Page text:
As reported by Tundra Tabloids yesterday, a major brouhaha has broken out among Sweden’s chattering classes over Finnish Christmas cookies that — horror of horrors! — look like swastikas.
But Swedes who live near the Finnish border can relax: there will be no pastry-based blitzkrieg from the east. The alleged racist confections are actually poinsettia cookies — julstjärnekakor in Swedish — and eating them at Christmas has been a Finnish tradition since long before the first brown shirt ever sieg-heiled in a Munich bierkeller.
But that doesn’t matter when Nazi fever sweeps the nation. If all you have is a Nazi hammer, everything looks like a racist nail. Especially those über-WAYCIST Finns!
As KGS pointed out, there are plenty of other crypto-swastikas in Finnish public life, including Nazi reading cubicles in the Rovaniemi University library. If you don’t believe me, check out his post to see the photographic evidence.
It seems an intensive denazification program is the only hope for Finland.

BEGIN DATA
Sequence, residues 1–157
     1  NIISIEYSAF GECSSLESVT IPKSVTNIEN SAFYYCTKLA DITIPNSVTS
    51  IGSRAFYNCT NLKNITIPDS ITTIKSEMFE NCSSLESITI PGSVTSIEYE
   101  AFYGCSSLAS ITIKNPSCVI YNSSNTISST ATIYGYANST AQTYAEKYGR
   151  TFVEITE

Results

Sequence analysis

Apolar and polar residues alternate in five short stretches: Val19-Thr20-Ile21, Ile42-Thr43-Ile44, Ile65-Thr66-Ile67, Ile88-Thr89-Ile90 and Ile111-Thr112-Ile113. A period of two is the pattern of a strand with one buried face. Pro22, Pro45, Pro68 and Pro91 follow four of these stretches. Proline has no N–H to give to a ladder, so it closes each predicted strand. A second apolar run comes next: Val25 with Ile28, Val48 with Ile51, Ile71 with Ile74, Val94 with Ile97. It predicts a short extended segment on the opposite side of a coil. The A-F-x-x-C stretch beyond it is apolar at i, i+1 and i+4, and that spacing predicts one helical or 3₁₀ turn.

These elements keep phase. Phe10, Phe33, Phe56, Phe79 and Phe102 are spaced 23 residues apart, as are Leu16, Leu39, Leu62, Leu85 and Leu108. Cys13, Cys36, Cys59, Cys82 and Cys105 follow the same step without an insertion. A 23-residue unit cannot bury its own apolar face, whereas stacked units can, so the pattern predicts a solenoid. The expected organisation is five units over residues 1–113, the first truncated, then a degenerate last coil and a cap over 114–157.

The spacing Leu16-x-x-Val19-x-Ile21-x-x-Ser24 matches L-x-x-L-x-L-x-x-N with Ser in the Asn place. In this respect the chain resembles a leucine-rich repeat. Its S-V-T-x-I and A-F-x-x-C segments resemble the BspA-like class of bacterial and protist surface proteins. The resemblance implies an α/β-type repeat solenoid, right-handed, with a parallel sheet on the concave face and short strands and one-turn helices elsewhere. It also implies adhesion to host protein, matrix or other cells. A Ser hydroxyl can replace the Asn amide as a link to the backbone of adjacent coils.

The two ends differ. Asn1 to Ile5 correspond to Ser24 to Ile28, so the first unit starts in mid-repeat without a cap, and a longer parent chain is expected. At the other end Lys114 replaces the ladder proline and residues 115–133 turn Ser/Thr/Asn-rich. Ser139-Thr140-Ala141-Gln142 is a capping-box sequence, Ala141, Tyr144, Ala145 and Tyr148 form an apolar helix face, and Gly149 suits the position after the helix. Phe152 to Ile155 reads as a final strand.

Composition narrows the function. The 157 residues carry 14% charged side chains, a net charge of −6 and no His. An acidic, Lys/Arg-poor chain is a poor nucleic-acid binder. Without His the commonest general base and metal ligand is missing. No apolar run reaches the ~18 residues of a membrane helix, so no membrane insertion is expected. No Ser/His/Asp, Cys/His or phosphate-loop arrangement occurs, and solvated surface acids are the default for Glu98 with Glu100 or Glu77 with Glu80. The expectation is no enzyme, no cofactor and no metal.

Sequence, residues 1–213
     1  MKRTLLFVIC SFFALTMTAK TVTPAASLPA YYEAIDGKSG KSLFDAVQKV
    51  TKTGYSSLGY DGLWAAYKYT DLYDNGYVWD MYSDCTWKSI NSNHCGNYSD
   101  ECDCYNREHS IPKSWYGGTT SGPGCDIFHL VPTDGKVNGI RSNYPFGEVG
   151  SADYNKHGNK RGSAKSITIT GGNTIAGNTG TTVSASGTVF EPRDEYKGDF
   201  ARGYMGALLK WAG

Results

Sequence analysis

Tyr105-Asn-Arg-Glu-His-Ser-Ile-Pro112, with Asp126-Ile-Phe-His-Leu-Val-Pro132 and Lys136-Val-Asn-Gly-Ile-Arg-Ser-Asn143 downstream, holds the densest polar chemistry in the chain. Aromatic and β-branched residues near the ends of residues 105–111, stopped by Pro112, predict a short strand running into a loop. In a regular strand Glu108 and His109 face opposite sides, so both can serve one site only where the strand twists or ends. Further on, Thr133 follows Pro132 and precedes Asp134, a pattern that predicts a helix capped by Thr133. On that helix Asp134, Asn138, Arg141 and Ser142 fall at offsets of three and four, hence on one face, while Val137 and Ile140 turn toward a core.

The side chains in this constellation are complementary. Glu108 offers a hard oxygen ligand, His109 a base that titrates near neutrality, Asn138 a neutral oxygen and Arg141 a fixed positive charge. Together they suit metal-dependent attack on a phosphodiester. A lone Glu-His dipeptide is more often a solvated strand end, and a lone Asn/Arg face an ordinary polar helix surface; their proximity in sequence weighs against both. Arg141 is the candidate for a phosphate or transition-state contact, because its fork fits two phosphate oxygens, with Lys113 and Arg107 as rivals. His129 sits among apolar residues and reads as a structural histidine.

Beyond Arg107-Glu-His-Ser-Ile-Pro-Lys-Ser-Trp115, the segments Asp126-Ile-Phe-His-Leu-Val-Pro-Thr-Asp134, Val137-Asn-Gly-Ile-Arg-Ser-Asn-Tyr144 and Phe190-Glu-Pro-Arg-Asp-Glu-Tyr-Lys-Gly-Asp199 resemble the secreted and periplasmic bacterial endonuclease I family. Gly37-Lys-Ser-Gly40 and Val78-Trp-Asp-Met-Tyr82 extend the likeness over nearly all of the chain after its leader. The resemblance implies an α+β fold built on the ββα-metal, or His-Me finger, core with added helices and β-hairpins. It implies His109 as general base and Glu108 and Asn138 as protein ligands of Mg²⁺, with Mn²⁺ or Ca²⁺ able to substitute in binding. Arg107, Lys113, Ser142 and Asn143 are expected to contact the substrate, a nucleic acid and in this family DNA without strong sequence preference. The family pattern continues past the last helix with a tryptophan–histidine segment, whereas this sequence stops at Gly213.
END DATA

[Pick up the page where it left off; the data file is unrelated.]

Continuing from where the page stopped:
Does Charles Johnson know about this? Someone send him an urgent lizardgram!
Here’s the story from Avpixlat, as translated by Google with help from Fjordman:
Poinsettias causes Nazi panic
Nazi Cookies — When the Swedish newspaper Svenska Dagbladet published a recipe on Sunday for traditional Finnish poinsettia cookies, the left intelligentsia came to life with accusations of Nazism, because they believe that the cookies look like swastikas. The uproar in Sweden has amused the Finns, who have now made a politically correct alternative available.
After SVT [the Swedish state broadcaster] drew attention to the recipe in a piece entitled “A swastika with your coffee, anyone?”, the reactions were many and intense. A reader writes that this is not a new product, but has been one of the most common and traditional pastries baked in almost every Finnish home at Christmas for the last hundred, perhaps several hundred, years — and in Finland no one has ever linked any cookies to swastikas.
“In Finland eating poinsettias it is an old Christmas tradition. If you want to be a geeky journalist, go ahead and turn it into a swastika. Talk about seeing ghosts in broad daylight or making a sensation out of nothing,” writes Denise Lindell from Finland.
I’m told that instructions on how to make politically correct alternative cookies are presented in the accompanying video, which aired on Finnish TV and pokes a little fun at Finland’s western neighbor. Unfortunately, it’s in
Klingon Finnish, but we’re hoping to get a subtitled version in a day or two.
How do you say “Screaming Nazi Heeber-Jeebers” in Swedish?